So, first of all, apologies are in order. I am on the road for my book, The Life and Afterlife of Harry Houdini, not sure if I mentioned this before. The tour is going really well. Tonight — this is Tuesday, Oct. 29 — I am in New York, at the Mysterious Bookshop (58 Warren Street) with the incredible Joshua Jay. Seriously, if you happen to be in New York, come on out — not just for me (though I’d love to see you) but also because Josh is one of the great magicians in the world, and his show Six Impossible Things is sold out nightly. This is an amazing chance to see him do a little magic. And he’s also the greatest guy, we’ll have a lot of fun talking about Houdini and magic and wonder.
Sorry, I was getting ready to apologize …
But before I do that, I do have to tell you one more book thing: The Life and Afterlife got an extraordinary review in The Sunday Times of London. I mean: Extraordinary. I mean, an “I would have never been this nice to me” kind of review. This is like one of those bigger than life author moments, to not only get a review in The Sunday Times (my first!) but to get one that actually has the word “Brilliant” in the headline.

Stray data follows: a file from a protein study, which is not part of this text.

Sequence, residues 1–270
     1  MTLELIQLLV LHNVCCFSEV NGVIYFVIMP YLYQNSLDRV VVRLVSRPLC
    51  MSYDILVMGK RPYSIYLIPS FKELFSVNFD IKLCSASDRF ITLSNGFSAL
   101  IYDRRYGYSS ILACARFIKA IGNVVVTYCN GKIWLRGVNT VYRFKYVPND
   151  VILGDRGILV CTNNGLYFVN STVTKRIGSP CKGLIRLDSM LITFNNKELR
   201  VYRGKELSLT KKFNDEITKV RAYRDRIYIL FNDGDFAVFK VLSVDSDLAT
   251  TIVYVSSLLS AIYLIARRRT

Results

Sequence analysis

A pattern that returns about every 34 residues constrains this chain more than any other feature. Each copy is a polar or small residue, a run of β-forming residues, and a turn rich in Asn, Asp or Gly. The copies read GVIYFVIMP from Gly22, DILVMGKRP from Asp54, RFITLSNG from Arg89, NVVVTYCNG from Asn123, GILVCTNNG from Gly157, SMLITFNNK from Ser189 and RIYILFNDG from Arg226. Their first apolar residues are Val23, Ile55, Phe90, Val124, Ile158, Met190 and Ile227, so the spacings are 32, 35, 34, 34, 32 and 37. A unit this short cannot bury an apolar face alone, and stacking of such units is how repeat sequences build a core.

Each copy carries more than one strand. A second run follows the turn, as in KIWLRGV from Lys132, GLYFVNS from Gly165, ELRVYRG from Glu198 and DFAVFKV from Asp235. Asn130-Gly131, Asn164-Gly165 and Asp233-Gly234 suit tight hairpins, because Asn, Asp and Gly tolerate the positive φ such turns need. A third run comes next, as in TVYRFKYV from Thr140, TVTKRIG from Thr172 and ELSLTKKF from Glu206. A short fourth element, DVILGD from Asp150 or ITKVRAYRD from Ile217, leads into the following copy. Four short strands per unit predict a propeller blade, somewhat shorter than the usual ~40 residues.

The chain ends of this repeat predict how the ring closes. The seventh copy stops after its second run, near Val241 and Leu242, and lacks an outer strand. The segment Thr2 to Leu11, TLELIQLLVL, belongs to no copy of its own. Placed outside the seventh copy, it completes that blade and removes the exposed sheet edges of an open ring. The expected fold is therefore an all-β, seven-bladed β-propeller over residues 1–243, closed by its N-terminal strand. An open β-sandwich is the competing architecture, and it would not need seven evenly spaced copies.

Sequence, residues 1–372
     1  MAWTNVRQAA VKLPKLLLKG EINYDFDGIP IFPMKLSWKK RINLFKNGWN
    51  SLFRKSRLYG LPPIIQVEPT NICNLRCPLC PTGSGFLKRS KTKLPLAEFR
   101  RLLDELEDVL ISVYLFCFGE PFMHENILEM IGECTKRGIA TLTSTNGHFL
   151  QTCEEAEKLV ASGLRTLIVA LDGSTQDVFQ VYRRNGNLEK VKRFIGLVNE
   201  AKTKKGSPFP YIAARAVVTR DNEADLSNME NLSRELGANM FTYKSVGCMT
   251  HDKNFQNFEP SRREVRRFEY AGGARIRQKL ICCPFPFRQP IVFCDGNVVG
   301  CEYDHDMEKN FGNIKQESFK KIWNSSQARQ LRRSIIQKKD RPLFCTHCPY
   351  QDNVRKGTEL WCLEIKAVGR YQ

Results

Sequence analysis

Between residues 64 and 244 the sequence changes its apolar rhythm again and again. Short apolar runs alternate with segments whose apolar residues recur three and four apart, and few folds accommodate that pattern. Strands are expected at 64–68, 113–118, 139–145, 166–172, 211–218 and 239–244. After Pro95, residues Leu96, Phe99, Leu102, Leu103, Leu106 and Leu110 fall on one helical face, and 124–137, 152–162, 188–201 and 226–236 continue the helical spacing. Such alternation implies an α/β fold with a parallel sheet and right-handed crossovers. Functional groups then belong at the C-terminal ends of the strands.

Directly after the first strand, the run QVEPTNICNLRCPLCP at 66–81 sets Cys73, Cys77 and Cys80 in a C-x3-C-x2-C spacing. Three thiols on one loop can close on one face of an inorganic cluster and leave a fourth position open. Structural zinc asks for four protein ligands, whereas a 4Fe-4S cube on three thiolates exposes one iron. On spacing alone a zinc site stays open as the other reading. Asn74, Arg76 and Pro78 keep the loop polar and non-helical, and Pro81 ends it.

I’m overwhelmed, really.
Anyway, the apology, all this stuff has made me less than vigilant about updating this site here. I have tried to continue writing sports stuff because, I mean, what else would I do? But I have not put the last couple of updates here like I should, and I make no excuses. It’s just my bad. I’ll try to be better.
I wrote about the Browns loss to the Patriots here. The loss was entirely predictable and, yet, something about the way Cleveland lost depressed me more than the usual defeats. I show my cards on coach Freddie Kitchens. I think unless he finds his sea legs over the next few weeks — and I very much hope he does — he should probably be a one-and-done coach.
And I’ll just share this though it probably is outdated. I wrote about how The Nationals are trying to win this World Series in an old-fashioned way: Starting pitching, timely hits, etc. I don’t sense that they are playing with that sense of urgency that winning modern teams play with in the postseason. In part, this is just how they were built. But it’s also true that they have sat back and hoped for the best. That did work in Games 1 and 2, but hasn’t worked since. They need to get Stephen Strasburg to the mound.